Search This Blog

Sunday, November 28, 2010

Realignment and the South

Our chapter on political parties discusses the concept of partisan realignment, the shift of voting strength from one party to another. The South has been trending Republican since the 1950s, first in presidential elections, then in statewide elections. During the 1990s, the bulk of its House seats moved to the GOP. The last stronghold of Southern Democrats consisted of state legislatures. As Jonathan Martin explains in Politico, that stronghold fell in 2010:

Protected by a potent mix of gerrymandering, pork, seniority and a friends-and-neighbors electorate, Democratic state representatives and senators managed to survive through the South’s GOP evolution — the Reagan years, the Republican landslide of 1994 and George W. Bush’s two terms. Yet scores of them retired or went down in defeat earlier this month. And at least 10 more across three states have changed parties since the elections, with rumors swirling through state capitols of more to come before legislative sessions commence in January. Facing the prospect of losing their seats through reapportionment — if not in the next election — others will surely choose flight over fight.

Democrats lost both chambers of the legislature this year in North Carolina and Alabama, meaning that they now control both houses of the capitol in just two Southern states, Arkansas and Mississippi, the latter of which could flip to the GOP in the next election.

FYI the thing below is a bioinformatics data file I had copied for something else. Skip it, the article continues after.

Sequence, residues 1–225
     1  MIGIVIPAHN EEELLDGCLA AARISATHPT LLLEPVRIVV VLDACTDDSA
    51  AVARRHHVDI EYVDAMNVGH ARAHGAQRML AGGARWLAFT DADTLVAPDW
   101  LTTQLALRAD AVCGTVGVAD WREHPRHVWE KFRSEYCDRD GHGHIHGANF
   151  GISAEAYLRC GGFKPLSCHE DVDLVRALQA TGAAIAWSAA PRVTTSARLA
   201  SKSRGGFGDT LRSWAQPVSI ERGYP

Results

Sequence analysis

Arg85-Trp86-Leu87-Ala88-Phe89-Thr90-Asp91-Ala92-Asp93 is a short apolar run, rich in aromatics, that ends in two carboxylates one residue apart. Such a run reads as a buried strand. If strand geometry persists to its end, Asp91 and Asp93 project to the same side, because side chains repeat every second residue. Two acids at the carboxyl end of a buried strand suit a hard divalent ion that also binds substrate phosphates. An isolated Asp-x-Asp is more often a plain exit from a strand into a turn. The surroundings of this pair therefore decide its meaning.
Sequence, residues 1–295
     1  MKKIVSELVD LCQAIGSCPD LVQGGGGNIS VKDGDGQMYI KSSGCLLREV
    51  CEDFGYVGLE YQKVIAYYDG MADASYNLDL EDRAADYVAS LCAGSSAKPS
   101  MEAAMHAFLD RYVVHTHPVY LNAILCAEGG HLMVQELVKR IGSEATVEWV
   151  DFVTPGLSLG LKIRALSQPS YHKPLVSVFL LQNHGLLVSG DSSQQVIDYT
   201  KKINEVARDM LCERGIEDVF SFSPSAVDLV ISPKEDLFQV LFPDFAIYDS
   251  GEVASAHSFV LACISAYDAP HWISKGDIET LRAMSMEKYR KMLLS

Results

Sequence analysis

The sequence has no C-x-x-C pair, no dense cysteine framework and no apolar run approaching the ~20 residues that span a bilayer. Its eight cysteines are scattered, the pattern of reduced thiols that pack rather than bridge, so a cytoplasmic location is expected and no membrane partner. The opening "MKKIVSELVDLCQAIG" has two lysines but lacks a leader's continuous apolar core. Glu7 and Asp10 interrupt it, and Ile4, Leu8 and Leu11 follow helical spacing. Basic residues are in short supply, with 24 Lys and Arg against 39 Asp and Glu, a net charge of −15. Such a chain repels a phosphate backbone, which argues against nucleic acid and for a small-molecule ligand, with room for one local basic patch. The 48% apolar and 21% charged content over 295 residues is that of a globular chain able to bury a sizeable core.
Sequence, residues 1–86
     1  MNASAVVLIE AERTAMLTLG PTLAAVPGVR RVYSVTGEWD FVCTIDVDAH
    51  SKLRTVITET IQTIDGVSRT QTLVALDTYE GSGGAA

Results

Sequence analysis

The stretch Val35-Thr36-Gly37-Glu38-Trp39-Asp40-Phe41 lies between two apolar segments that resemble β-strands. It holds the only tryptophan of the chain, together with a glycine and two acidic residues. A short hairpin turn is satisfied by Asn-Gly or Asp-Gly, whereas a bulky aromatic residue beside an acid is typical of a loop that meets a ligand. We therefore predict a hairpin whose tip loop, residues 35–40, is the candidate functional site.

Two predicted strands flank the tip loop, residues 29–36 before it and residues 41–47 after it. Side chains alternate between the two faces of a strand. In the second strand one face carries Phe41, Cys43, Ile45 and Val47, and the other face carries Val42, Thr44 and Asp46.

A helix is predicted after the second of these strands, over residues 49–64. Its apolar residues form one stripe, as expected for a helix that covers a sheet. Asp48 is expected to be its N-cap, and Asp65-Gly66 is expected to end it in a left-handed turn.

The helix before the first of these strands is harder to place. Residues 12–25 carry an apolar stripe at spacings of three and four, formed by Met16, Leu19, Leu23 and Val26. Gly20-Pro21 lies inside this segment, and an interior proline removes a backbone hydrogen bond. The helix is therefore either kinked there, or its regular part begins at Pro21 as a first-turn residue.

The losses and party switching, one former Southern Democratic governor noted, “leave us with little bench for upcoming and future elections.”

“There's little reason to be optimistic in my region,” said this former governor, who did not want to be quoted by name offering such a downcast assessment. “We can opportunistically pick up statewides every now and then, but building a sustainable party program isn't in the cards. I suppose the president has bigger concerns now, but it’s not healthy for the Democrats to write off our region and not have any real strategy to be competitive.”

Part of the reason for this pessimism is that the Democrats who were defeated and those who are changing parties are overwhelmingly of the same type: rural white males who are more conservative than their national party.

With a few isolated exceptions, it now seems that the party’s rural Southern tradition is a thing of the past — even at the statehouse level, where familiar faces were able for years to make the case that they were a different kind of Democrat.